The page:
Stephen Evans, CEO of the National Secular Society, has asked to respond to a recent analysis of its report, "For the Public Benefit? – the case for removing the advancement of religion as a charitable purpose", produced by David Robertson on behalf of Christian Today. It is published here in full in the interests of public debate around this important issue and a further response to his comments below has been written by David Robertson which can be read here on his blog The Wee Flea:
A polemic from David Robertson posted on the Christian Today site took aim at a recent report from the National Secular Society which argued for removal of "the advancement of religion" as a charitable purpose.
The piece was largely an ad hominem attack that sought to misrepresent the report and the motivation behind it. But for reasons I'll explain, there is now a real need to consider whether the advancement of religion should still be regarded as an inherent public good, deserving of being a charitable purpose.
For an organisation to be classified as a charity, its activities must align with at least one of the thirteen charitable purposes set out in The Charities Act 2011. The benefits provided by most of these charitable purposes is clear; relieving poverty, promoting good health, improving the environment, and saving lives are undeniably in the public interest. The advancement of religion, however, is far more contestable – based as it is on an outdated presumption that promoting religion is inherently a good thing.
Britain's religion and belief landscape is rapidly changing. Polling and academic research consistently show that most Britons no longer belong to any religion. As the majority drift away from Christianity, minority faiths and particularly Islam have seen significant growth. It cannot be denied that religion is no longer a core socialiser, or the exclusive source of our ethics and morality. Not only has religion ceased to be the force for social cohesion it once was, the rise of religious fundamentalism has also demonstrated how religion can exacerbate tension and conflict in Britain.
Worryingly, granting some organisations with registered charitable status on the ground of the advancement of religion has opened the door to extremists who wish to use charitable status and tax breaks to promote ideologies that undermine our democratic values.
One example is Miftahul Jannah Academy, a charity we referred to the regulator this month and which is now being investigated. The charity's aims and objectives include "to further the true image of Islam". On its website we found sermons praising the Taliban, encouraging Muslims to fund jihadists, and referring to the "dirty qualities" of Jews.
In recent years we've exposed the harms peddled by a myriad of religious charities. But this 'whack-a-mole' approach to tackling extremism in the charity sector is unsustainable and inefficient. We need a way to prevent organisations that promote extremist messages from registering as charities in the first place.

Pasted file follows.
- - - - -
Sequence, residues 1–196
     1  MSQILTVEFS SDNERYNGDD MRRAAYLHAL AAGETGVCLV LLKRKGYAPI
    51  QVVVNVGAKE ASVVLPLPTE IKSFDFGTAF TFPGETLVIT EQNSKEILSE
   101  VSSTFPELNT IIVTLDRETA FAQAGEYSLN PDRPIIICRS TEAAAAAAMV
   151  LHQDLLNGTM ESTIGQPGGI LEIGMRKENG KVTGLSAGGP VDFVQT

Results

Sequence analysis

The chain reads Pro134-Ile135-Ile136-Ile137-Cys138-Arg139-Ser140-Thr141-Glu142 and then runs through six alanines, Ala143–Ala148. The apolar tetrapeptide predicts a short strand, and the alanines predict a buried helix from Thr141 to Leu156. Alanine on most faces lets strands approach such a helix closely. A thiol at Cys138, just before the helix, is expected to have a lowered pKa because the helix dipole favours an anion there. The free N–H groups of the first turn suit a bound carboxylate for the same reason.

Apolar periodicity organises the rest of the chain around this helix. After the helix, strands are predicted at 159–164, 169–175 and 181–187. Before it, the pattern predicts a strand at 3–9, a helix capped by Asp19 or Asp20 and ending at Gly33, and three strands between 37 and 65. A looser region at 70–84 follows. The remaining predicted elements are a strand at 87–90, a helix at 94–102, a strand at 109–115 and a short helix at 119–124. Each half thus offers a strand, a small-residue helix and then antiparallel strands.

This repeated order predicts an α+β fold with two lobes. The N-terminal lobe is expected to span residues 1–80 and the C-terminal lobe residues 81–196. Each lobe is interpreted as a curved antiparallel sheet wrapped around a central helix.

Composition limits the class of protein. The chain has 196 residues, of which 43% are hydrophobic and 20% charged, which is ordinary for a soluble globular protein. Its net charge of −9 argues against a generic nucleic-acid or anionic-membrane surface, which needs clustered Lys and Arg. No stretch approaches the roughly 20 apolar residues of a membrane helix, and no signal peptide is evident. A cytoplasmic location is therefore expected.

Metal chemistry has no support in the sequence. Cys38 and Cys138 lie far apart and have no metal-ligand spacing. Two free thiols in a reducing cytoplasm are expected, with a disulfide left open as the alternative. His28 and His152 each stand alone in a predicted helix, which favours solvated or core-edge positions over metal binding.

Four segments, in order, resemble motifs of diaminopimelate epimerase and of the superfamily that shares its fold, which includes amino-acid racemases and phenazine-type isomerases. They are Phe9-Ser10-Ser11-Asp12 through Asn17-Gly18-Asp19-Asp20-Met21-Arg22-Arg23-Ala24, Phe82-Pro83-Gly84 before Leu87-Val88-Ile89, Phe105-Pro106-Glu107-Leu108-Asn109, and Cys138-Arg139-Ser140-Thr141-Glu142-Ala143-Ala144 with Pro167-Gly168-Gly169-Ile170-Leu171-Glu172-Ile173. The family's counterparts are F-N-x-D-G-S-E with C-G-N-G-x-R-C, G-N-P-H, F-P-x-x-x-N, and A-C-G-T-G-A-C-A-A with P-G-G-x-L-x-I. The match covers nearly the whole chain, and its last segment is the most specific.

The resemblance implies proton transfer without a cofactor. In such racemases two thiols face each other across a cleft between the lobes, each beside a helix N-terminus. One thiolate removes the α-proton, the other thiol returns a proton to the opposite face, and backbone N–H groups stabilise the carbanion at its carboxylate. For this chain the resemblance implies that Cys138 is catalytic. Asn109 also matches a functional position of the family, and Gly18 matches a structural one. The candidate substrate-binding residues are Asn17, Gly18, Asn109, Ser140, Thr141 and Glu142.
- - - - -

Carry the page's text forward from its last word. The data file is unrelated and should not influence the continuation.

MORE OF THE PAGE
Whilst religious and secular organisations should both be able to register as charities, it is becoming clear that greater scrutiny is needed to ensure all charities meet the public benefit test. Advancing a religious worldview no longer does enough to reassure the sceptical public that their donations and government tax breaks are not being abused for nefarious activities.
If trust in the sector is to be maintained, it is paramount that only organisations that genuinely serve the public interest are registered as charities. Removing 'the advancement of religion' from the list of charitable purposes is a reasonable place to start.
Importantly, this approach would in no way prevent religious organisations from enjoying charitable status. But it would ensure that they demonstrate a tangible public benefit under one of the other charitable headings.
It is therefore erroneous of Robertson to claim secularists see no public benefit in religious charities or to dismiss the report as 'anti-religious'. We recognise the fantastic charitable work done by people of all faiths and none.
We have no wish to undermine the role that faith can play in communities in Britain today. Faith groups contribute greatly to social capital and have historically played an important role in the charity sector on a wide range of issues and these charities should be welcomed.
But the state should not be supporting religious extremism, misogyny, homophobia, and hatred through the charity system. Nor should religious groups that do nothing other than propagate their particular faith benefit from considerable tax exemptions. Only bodies that genuinely serve the public interest, rather than simply their own interests, should enjoy charitable status.
Gaining registered charity status is and must be an entirely secular endeavour whereby tax benefits are provided in exchange for the public good that a charity provides.
Removing the advancement of religion from the list of charitable purposes would require religious charities to justify their charitable status in exactly the same way that secular organisations must do. In this way, public trust in the charitable sector can be protected by giving taxpayers greater confidence that they are not supporting organisations that seek to sow division and undermine our democracy.
David Robertson's determination to wilfully misunderstand secularism and the National Secular Society is disappointing. Our work takes aim not at religion, but at religious privilege. Secularism provides a model for people of all religions and none to coexist peacefully as equals. One can't help wondering whether Robertson simply wants people of faith to be more equal than others.
Stephen Evans is the chief executive of the National Secular Society and can be followed on Twitter at @stephenmevans1.